Sprat & Winkle Run, 2021

Posted by Chris Graham on 5th January 2022

With so many Covid-related cancelations, the 2021 Sprat & Winkle Run for classic commercials was really significant, as Peter Simpson reports.

Sprat & Winkle Run

Almost five years ago, in our January 2017 issue, we featured Rob Smith’s AEC Militant timber crane which had just been finished. We also included a few photos of what, at the time, was his next project. That was the Militant tanker seen here, finished. A truly fabulous restoration which we’ll be running a full feature on shortly.

The mid-October HCVS, Sevenoaks to Hastings Sprat & Winkle Run is unique. Though not quite as prestigious as the much longer-established Brighton Run which, in normal years, happens in May, the Hastings event is establishing a strong following in its own right and, were it not for restricted space at the finish, would undoubtedly be even busier than it is.

Sprat & Winkle Run

Newly-restored, and the fully-deserved ‘overall winner’ of the event was Keith Laming’s 1954 Commer breakdown lorry, complete with period, chariot-style rear bodywork. The choice of a Kent-based livery is also highly appropriate given that the Rootes Brothers started out as car distributors and dealers in Maidstone.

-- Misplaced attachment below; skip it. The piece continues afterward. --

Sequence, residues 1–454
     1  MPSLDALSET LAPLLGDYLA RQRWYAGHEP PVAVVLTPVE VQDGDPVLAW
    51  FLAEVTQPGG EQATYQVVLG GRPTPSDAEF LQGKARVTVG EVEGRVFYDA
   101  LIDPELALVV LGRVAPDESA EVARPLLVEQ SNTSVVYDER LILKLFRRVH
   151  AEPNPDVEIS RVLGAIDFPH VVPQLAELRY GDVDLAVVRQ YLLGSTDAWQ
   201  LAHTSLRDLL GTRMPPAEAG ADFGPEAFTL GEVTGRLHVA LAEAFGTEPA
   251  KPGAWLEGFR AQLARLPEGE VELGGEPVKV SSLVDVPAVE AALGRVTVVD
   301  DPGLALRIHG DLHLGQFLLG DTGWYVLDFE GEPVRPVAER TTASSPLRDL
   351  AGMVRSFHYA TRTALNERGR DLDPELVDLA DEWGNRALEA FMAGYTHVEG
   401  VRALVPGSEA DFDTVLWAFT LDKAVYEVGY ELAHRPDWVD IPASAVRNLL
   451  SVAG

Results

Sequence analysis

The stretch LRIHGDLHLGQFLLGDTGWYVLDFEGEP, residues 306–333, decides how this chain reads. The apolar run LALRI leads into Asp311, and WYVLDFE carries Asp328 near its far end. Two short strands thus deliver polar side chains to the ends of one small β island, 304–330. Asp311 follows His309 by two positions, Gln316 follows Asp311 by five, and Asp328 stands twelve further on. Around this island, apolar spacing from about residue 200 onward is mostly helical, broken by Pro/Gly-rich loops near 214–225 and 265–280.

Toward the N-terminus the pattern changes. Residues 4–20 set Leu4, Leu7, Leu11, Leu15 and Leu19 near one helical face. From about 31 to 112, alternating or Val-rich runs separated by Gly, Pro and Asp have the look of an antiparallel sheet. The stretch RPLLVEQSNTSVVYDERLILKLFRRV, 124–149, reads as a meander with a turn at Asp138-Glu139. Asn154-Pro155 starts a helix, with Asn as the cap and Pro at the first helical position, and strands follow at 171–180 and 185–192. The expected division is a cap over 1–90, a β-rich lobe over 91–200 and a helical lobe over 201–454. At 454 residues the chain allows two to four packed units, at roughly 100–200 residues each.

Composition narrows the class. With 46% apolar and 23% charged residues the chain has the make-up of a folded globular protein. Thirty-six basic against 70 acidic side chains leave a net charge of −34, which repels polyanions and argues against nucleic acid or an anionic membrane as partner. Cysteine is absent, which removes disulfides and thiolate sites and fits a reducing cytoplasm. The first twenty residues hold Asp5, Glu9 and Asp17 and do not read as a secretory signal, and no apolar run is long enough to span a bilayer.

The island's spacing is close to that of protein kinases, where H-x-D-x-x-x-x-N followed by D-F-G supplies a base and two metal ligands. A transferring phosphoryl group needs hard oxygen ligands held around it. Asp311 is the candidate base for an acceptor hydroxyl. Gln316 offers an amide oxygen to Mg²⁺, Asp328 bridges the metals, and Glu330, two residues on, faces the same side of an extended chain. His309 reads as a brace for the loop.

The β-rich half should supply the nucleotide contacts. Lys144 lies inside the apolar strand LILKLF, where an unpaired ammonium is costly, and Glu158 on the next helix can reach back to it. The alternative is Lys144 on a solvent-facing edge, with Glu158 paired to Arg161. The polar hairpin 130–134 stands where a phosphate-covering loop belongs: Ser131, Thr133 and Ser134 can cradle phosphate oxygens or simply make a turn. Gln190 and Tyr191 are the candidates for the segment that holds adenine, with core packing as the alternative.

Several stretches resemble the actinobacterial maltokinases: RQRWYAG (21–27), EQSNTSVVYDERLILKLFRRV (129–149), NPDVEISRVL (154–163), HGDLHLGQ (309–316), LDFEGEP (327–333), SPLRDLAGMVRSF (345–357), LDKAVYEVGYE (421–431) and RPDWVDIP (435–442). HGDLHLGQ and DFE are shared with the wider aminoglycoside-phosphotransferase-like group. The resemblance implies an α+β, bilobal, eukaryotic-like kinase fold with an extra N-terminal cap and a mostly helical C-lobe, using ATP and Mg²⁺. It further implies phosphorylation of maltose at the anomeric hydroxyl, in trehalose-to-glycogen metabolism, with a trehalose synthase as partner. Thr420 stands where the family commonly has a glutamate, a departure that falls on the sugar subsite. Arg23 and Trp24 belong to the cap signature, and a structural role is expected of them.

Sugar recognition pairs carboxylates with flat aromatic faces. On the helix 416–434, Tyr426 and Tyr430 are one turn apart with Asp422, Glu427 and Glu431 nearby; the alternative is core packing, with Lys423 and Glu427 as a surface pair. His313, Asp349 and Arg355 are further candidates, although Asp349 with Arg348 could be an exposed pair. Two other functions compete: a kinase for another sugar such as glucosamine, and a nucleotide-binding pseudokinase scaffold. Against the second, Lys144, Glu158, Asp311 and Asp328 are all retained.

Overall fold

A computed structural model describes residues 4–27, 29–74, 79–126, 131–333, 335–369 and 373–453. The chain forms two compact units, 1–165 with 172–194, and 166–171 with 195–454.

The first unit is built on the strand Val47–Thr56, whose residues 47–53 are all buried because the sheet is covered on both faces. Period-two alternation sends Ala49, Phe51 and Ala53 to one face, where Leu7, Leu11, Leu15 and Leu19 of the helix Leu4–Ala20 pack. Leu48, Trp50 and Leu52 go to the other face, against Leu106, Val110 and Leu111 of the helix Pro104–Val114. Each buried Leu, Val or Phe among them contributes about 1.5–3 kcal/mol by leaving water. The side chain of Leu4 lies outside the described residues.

The run is popular from a local perspective as it’s usually one of the many special events which take place during Hastings Week – the week in mid-October around the October 14th when, in 1066, the famous battle took place a few miles inland. As far as participants are concerned, the run provides a pleasant and varied drive to the coast, and a finish that’s slap-bang in the heart of the historic Old Town, with food outlets to suit all tastes and a mass of entertainment options. The event organisers have no need to provide anything for participants to do – anything and everything they could possibly want is there already!

Sprat & Winkle Run

Gary Pritchard’s 1937 Fordson Fire Appliance has been wowing crowds at events since the restoration was completed in 2017. New to RA Lister of Dursley, Gloucestershire, as the factory fire appliance, it subsequently spent many years on display at Birnbeck Pier, Weston Super Mare, before being bought by the present owner in 2012, and given a full restoration.

The run is organised by a small team from the HCVS London & South Eastern area, headed by club secretary Diane Taylor, all of whom deserve thanks and credit for the efficient way in which the event is managed. The 2021 event saw a number of new vehicles,  including some restorations that had been completed during lockdown, alongside old favourites. Here are a few that caught our eye…

Sprat & Winkle Run

Another previous feature vehicle, this time from earlier this year, was Wayne Blake’s fabulous 1985 Volvo F10. Which, as we saw back in May, has had a fairly extensive mechanical overhaul and other work since being bought by Wayne in 2018.


Sprat & Winkle Run

1966 Atkinson Silver Knight Showman’s Tractor unit. A fairly familiar sight on the classic fairground scene, this appears to have had a change of ownership relatively recently, and now carries signwriting for Anthony Kemp of Keston, near Bromley, in Kent.